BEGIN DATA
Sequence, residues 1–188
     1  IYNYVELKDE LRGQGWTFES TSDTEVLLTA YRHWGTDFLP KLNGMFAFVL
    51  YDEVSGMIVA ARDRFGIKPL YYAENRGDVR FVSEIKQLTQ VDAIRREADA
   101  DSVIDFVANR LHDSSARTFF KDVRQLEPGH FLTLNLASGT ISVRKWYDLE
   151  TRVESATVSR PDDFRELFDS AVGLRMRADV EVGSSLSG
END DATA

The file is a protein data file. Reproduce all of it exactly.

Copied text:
Sequence, residues 1–188
     1  IYNYVELKDE LRGQGWTFES TSDTEVLLTA YRHWGTDFLP KLNGMFAFVL
    51  YDEVSGMIVA ARDRFGIKPL YYAENRGDVR FVSEIKQLTQ VDAIRREADA
   101  DSVIDFVANR LHDSSARTFF KDVRQLEPGH FLTLNLASGT ISVRKWYDLE
   151  TRVESATVSR PDDFRELFDS AVGLRMRADV EVGSSLSG